Not that it's much to brag about - practically the entire province could say the same!
But it's Campbell and Hansen that have to answer for their inexplicable and repeated statements during the election and afterward that BC would only have a $495 million deficit.
Were they just stupid or were they lying? You be the judge.
Hansen now says that the first time he learned that the $495 million was unachievable was June 24.
My 24 hours/Tyee column from June 2 - three weeks before - is below, with loads of evidence that there was simply no way for BC to make the deficit projection - and that there had been no way for months before that.
Here's what Hansen told the Canadian Press yesterday however:
"Hansen said he was confident up until the middle of June the province could still meet its $495 million deficit target, but that changed on June 24 when Ottawa provided updated income and corporate tax numbers.
He said Ottawa reported that British Columbia can expect personal income tax revenues that are "significantly lower. But the biggest impact, and the one that sort of took my breath away, was what was happening on the corporate income tax revenues."
The public accounts documents revealed a sharp revenue decline of $1.5 billion, amounting to an $863 million drop in personal income tax, $212 million in corporate tax and $114 million in social services tax.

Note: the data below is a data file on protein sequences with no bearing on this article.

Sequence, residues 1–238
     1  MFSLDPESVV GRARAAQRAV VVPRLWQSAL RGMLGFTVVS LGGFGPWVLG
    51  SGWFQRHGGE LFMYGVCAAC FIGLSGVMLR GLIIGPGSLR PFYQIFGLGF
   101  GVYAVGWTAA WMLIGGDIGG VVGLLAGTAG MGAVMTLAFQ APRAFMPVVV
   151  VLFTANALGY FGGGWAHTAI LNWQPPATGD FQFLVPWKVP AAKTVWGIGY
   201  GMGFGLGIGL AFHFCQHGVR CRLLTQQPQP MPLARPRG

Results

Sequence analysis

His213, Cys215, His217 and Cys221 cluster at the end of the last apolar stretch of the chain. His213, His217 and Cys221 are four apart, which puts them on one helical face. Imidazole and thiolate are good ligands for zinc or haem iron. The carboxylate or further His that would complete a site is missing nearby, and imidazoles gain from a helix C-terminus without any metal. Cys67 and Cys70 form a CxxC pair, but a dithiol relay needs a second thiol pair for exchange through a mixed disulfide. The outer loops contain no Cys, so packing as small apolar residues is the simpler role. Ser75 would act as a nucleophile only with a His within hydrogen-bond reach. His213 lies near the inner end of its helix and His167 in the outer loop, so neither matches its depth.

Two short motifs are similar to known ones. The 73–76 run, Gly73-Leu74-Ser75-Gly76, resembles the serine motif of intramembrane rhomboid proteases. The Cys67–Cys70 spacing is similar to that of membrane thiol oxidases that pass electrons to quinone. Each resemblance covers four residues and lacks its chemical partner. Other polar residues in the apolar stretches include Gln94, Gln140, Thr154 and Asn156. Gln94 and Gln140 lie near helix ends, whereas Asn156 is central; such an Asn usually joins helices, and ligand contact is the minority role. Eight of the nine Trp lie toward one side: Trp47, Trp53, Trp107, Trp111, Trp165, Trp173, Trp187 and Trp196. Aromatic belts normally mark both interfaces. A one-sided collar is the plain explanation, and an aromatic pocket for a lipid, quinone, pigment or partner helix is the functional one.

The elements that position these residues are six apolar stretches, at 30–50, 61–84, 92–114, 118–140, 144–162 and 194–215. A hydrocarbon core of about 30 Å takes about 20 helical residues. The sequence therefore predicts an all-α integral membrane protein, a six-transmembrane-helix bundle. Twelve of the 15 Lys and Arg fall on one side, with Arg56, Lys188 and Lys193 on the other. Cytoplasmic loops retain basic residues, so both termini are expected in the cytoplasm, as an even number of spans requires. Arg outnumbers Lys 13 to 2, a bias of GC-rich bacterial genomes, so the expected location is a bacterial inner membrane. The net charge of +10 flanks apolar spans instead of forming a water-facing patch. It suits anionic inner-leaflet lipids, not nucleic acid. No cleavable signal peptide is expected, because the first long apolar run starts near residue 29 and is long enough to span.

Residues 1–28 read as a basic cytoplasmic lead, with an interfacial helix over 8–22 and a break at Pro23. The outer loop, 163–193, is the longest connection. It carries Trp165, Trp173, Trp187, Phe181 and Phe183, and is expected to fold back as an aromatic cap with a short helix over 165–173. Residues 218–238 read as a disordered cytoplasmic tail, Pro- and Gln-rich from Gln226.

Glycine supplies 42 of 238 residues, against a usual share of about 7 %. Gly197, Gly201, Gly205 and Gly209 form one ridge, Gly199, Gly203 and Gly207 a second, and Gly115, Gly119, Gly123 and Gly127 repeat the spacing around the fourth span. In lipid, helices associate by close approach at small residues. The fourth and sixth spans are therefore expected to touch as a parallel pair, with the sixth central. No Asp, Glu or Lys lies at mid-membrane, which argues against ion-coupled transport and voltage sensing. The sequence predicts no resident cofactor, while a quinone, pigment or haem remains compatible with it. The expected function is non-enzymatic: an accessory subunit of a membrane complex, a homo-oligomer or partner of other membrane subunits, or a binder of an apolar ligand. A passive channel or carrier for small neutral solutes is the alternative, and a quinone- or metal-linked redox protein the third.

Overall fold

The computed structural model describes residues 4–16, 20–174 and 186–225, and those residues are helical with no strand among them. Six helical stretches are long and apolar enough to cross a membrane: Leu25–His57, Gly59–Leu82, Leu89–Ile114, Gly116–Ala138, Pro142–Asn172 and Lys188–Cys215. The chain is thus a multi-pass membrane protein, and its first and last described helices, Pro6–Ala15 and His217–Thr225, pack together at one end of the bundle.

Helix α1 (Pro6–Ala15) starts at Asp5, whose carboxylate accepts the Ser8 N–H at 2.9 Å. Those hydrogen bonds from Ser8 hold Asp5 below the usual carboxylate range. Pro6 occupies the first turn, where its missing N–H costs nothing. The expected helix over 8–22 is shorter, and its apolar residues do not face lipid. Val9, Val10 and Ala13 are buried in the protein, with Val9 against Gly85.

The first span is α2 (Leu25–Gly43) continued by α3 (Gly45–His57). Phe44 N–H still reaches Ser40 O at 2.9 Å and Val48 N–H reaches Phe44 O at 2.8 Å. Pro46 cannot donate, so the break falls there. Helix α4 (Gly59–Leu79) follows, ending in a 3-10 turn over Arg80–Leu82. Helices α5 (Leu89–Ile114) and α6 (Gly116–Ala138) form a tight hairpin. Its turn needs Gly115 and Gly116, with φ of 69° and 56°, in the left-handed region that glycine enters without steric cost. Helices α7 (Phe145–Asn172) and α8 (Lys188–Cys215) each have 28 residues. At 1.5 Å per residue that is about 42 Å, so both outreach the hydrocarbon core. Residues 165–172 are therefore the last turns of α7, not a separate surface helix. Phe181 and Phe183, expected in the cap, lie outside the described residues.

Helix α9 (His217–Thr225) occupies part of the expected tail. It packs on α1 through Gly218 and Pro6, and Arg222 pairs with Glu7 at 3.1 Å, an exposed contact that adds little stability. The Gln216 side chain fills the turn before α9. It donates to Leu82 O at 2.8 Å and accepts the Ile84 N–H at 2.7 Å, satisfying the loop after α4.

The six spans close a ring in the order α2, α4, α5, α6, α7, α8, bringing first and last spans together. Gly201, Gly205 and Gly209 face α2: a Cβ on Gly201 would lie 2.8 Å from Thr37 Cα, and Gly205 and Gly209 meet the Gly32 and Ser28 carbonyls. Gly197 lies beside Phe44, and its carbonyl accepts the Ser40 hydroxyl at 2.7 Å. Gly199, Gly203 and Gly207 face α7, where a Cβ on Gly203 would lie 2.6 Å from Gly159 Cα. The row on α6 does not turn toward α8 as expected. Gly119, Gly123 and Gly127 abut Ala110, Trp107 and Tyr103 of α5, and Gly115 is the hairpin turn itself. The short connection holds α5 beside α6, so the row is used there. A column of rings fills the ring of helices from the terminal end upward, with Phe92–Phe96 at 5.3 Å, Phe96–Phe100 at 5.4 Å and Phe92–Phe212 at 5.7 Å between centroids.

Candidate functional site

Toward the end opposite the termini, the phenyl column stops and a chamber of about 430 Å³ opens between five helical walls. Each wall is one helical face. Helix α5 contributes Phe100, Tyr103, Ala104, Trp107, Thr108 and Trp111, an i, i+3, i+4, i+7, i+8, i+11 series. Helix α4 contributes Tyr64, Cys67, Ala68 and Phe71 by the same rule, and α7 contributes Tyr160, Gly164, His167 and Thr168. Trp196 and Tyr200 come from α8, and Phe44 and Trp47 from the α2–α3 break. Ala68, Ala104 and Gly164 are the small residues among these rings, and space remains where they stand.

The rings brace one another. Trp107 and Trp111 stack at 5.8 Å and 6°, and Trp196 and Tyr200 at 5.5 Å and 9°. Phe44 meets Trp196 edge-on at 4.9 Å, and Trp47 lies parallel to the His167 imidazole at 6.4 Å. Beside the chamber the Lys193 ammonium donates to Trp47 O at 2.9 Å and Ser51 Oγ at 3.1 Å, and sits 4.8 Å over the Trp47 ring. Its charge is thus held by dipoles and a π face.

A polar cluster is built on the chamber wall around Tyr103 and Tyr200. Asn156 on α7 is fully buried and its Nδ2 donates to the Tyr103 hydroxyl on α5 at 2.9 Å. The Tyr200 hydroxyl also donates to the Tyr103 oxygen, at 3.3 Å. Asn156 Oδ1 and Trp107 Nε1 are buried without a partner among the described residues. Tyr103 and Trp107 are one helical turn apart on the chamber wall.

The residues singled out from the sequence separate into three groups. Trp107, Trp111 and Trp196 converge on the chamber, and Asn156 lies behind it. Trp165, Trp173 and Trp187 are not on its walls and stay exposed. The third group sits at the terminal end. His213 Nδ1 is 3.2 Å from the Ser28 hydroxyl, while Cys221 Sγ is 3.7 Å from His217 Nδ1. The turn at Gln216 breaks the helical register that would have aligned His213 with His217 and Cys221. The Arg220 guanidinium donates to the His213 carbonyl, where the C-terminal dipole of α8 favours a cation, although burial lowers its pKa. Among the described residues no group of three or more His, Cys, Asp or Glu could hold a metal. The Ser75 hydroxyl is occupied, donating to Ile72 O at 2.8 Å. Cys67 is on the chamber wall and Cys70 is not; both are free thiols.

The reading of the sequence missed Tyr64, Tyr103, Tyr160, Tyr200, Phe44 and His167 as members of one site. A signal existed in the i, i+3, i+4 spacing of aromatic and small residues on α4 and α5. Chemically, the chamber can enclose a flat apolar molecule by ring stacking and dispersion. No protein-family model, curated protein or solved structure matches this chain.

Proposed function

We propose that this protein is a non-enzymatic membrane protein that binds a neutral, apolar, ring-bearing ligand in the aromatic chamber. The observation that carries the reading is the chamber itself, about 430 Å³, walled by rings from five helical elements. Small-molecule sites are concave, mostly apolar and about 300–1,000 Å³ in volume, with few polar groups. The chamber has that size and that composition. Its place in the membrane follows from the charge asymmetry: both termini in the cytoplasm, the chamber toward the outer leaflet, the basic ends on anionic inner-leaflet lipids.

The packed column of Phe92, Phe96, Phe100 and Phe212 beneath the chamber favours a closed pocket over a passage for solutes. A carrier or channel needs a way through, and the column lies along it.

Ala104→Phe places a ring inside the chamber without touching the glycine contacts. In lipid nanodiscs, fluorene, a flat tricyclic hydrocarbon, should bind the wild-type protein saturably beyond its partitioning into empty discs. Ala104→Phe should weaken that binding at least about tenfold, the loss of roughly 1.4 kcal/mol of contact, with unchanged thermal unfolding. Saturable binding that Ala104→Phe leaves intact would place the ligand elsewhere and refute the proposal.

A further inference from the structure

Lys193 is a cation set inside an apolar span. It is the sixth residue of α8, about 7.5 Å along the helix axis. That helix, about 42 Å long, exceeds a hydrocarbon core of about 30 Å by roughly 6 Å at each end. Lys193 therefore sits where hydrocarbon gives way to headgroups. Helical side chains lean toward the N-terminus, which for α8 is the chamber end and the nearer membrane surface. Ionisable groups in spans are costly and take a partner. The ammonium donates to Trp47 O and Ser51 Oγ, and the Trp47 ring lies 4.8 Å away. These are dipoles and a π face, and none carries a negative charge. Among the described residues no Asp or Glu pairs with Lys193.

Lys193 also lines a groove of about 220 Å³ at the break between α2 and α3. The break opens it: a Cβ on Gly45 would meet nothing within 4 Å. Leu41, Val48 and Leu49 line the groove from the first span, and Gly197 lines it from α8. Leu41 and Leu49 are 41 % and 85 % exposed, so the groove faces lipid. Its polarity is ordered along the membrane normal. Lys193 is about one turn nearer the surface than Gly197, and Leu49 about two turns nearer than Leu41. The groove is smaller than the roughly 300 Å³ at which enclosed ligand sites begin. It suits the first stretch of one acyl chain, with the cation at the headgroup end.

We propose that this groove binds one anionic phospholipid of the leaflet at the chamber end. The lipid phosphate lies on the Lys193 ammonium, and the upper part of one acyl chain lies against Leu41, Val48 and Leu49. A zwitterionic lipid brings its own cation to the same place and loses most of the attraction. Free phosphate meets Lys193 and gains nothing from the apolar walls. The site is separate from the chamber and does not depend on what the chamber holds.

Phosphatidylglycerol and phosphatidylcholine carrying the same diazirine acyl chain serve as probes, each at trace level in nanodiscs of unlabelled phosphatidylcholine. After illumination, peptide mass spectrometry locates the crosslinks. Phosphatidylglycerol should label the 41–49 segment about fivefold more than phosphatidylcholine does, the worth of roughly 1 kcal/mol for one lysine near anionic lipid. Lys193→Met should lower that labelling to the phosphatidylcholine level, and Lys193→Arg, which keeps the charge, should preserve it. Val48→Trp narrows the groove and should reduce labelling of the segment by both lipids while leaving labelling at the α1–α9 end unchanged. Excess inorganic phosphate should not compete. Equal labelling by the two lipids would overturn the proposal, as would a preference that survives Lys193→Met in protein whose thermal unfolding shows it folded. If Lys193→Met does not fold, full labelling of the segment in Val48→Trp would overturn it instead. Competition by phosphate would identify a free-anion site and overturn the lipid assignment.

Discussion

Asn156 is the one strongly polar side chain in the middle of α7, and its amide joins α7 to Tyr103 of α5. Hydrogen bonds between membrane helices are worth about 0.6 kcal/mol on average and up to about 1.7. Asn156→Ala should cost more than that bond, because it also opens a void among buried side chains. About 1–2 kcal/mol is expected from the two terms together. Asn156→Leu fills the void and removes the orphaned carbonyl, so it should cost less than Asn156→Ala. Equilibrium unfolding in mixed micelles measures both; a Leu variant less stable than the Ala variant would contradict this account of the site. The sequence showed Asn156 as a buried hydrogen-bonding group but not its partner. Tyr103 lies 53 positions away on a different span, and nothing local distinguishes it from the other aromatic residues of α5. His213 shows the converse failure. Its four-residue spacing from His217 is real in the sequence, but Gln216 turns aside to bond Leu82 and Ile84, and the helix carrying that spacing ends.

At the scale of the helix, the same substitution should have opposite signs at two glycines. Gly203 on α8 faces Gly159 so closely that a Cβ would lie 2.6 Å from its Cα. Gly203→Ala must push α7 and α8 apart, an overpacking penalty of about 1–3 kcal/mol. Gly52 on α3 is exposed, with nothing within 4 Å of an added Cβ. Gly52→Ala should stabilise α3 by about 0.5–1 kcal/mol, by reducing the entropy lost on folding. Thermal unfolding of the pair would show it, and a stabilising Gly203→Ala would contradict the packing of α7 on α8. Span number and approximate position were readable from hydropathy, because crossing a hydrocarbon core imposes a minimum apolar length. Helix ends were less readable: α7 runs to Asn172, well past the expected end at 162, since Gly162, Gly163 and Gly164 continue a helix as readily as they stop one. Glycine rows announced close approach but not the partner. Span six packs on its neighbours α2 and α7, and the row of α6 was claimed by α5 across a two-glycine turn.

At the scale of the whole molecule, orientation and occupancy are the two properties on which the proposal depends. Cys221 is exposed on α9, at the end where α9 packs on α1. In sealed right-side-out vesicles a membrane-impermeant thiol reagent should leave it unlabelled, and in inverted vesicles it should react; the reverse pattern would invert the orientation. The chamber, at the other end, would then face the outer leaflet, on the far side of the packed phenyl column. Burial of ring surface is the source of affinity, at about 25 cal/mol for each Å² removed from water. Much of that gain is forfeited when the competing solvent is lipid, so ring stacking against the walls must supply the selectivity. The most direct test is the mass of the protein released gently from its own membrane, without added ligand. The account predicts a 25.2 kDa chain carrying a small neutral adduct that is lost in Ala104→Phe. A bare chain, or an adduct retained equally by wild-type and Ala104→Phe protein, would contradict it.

"I can no longer say that I'm that optimistic," Hansen said. There are still some big challenges. We still see lots of volatility. We will have no shortages in challenges in locking down (budget) numbers."
So there you have it - the Finance Minister and the Premier of our province were gobsmacked just late last month, while the rest of us have known for months that we were in deep financial trouble.
Or is that BC Liberal fudge?
Here's my column from June 2 - you can find the links by going to the original posting on my blog or at The Tyee version.
Bill Tieleman’s 24 Hours & The Tyee Column
Tuesday June 2, 2009
B.C. financial fudge capital of the world
View Tyee article and comments here
By Bill Tieleman
Published: June 2, 2009
I can tell you this: the deficit for 2009-2010 will be $495 million maximum.
-- Premier Gordon Campbell, April 23, 2009
The BC Liberals have a new plan to stimulate the provincial economy -- make British Columbia the "Financial Fudge Budget" capital of the world.
Finance ministers from around the globe will travel to Victoria to learn at the feet of the masters -- Premier Gordon Campbell and Finance Minister Colin Hansen -- about how to craft the slipperiest, most expensive fudge ever seen.
That's the only conclusion one can draw from the most astonishing, outrageous and massive fudging of the B.C. budget in provincial history -- and all done during an election campaign.
So while Campbell said that if re-elected, the 2009-10 budget tabled in February with a $495 million projected deficit will be "pretty much the budget that’s reintroduced", not even the premier's closest corporate allies believe him.